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I have a device with a blue LCD display where the backlight is blue and the letters are white. When I take photos of it with a cheap webcam, you cannot see any letter, because the blue light is too dominant. Does anybody have a cheap solution to this problem?

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    How much control do you have over exposure time/aperture etc? The 'simple' answer is to reduce the amount of light getting in… but that depends on the above. – Tetsujin Sep 26 '20 at 18:13
  • No, I don't have control over exposure time. Would it help to increase the ambient light. Flash light? – Harald Kneidinger Sep 26 '20 at 19:03
  • Try putting a red filter in front of your camera. Orange or yellow or anything that may significantly attenuate the blue. – user10216038 Sep 26 '20 at 21:18
  • @user10216038 The autoexposure routine would probably just increase exposure to compensate. It's going to try and expose the dominant brightness level as mid-tones. Filters only work when there are different colors that can be attenuated differently. – Michael C Sep 27 '20 at 2:38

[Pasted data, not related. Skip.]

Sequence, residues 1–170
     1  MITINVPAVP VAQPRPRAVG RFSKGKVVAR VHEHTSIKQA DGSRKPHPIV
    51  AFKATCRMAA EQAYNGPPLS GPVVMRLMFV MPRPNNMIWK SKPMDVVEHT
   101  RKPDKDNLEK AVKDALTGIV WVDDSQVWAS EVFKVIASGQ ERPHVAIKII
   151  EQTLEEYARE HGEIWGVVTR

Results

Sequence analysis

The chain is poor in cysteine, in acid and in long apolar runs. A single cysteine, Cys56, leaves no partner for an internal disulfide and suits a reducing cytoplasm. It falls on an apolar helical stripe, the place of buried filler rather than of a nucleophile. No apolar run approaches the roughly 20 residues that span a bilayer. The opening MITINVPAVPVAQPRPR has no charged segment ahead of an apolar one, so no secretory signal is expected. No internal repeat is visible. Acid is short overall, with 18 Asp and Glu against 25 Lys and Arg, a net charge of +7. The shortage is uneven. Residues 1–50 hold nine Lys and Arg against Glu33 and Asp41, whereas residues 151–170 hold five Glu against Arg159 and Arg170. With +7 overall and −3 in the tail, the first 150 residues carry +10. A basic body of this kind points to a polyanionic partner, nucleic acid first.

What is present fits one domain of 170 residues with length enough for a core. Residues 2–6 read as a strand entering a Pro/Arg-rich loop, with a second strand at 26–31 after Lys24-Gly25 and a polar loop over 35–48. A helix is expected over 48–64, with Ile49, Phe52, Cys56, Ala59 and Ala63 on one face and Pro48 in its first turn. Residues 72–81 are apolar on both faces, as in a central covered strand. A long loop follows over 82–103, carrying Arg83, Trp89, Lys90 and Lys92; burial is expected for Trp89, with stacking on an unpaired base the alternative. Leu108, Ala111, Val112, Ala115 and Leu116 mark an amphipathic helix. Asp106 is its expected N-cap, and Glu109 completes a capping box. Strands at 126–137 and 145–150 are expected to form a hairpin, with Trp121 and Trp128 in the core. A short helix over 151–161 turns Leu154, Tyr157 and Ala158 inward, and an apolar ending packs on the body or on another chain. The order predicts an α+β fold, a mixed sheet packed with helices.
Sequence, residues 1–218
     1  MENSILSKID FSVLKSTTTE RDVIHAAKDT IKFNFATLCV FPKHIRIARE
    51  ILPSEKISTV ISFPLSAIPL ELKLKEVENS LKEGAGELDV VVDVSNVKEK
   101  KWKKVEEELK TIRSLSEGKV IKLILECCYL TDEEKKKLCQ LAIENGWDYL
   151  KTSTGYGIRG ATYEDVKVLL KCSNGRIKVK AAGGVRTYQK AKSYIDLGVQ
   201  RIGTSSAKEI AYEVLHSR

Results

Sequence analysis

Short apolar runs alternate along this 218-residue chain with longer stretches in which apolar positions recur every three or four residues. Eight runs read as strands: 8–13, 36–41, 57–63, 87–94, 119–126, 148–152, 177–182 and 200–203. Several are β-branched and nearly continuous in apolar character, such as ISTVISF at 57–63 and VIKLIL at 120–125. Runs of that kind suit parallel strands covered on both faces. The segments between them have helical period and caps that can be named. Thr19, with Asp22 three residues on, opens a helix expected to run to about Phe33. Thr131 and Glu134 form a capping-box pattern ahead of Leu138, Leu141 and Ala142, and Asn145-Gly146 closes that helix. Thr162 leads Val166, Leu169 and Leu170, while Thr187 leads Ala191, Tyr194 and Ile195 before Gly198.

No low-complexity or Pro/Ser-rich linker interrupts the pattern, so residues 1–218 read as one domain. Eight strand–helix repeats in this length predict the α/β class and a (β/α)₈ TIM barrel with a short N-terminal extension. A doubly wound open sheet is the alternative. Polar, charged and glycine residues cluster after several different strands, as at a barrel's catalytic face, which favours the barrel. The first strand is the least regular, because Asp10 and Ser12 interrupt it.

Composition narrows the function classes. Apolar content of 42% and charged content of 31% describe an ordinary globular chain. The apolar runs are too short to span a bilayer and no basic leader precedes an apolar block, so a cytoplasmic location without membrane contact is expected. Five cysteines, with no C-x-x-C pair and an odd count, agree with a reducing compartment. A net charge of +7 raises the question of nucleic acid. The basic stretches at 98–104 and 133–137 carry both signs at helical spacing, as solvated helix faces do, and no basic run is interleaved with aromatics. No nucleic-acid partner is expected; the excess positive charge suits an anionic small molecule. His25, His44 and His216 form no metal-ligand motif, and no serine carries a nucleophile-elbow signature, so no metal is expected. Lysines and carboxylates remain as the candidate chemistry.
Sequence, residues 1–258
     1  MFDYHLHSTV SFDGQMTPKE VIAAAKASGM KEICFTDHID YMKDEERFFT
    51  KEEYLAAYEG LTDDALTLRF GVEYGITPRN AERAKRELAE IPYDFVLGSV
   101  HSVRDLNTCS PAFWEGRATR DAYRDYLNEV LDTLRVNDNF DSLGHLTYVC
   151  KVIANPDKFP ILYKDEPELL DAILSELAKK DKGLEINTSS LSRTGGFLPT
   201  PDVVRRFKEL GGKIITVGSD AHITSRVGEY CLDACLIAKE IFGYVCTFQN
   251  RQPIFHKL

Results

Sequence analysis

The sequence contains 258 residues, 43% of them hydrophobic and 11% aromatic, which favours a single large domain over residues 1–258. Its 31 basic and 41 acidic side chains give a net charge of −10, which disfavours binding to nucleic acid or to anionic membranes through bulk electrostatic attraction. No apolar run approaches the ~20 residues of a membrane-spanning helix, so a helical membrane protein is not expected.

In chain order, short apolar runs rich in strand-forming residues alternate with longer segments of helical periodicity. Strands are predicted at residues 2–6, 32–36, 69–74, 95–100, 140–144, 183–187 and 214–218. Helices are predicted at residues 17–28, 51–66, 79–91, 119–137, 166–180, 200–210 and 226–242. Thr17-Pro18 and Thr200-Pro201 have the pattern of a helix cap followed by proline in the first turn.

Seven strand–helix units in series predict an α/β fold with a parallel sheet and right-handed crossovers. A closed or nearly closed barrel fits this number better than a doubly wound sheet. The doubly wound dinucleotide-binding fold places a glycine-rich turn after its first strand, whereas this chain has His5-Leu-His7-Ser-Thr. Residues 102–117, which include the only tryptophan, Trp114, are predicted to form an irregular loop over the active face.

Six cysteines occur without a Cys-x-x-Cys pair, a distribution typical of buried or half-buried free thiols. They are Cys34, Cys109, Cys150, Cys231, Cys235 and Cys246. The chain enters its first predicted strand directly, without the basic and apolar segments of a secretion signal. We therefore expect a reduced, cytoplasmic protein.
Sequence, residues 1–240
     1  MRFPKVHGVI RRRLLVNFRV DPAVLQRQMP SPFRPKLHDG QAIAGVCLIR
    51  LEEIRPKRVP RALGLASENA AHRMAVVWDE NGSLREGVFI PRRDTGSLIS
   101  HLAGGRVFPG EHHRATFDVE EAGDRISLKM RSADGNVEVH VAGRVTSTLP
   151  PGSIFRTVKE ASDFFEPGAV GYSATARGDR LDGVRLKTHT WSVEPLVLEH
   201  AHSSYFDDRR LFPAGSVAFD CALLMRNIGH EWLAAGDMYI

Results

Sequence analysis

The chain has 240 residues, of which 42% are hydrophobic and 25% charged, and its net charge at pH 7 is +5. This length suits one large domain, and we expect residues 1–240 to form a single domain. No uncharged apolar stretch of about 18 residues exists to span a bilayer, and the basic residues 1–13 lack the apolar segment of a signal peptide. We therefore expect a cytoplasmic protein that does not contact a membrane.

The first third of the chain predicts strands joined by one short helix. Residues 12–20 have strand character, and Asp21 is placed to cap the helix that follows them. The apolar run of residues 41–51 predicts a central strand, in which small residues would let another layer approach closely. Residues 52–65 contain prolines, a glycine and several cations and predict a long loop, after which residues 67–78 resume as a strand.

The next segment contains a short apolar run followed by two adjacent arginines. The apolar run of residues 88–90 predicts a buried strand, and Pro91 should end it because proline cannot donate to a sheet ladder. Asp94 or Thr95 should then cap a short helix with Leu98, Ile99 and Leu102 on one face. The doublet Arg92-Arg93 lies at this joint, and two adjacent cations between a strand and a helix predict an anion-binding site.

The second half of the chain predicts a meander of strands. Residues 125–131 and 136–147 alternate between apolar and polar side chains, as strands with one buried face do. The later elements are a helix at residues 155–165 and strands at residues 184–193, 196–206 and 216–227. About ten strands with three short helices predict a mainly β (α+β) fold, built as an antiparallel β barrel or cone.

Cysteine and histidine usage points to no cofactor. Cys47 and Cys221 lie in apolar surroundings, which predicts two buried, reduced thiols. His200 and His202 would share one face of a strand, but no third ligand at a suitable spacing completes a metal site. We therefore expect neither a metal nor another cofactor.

• @user10216038 you are right. It worked with both red and yellow cellophane. Sry I cannot upvote. – Harald Kneidinger Sep 27 '20 at 18:25
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Mount a strong yellow filter, the display will image as black and the letters light yellow. If you can find some yellow cellophane X-mass wrapping ribbon or candy wrapping, you can experiment. If you like the effect, then buy a deep yellow photo grade filter. These were common in the black & white era. You can also buy a deep yellow gel filter. These are common in the theatrical stage lighting business. Likely if you look, you can find a piece of yellow flat glass or plastic to test this effect.

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Readabilty issues on LCDs can often be tackled with polarizers without loosing the colour information. You could just hold some cheap polarizer, even a linear, between your webcam and the LCD. Try rotating it up to 90° to find the orientation with the effect you need.

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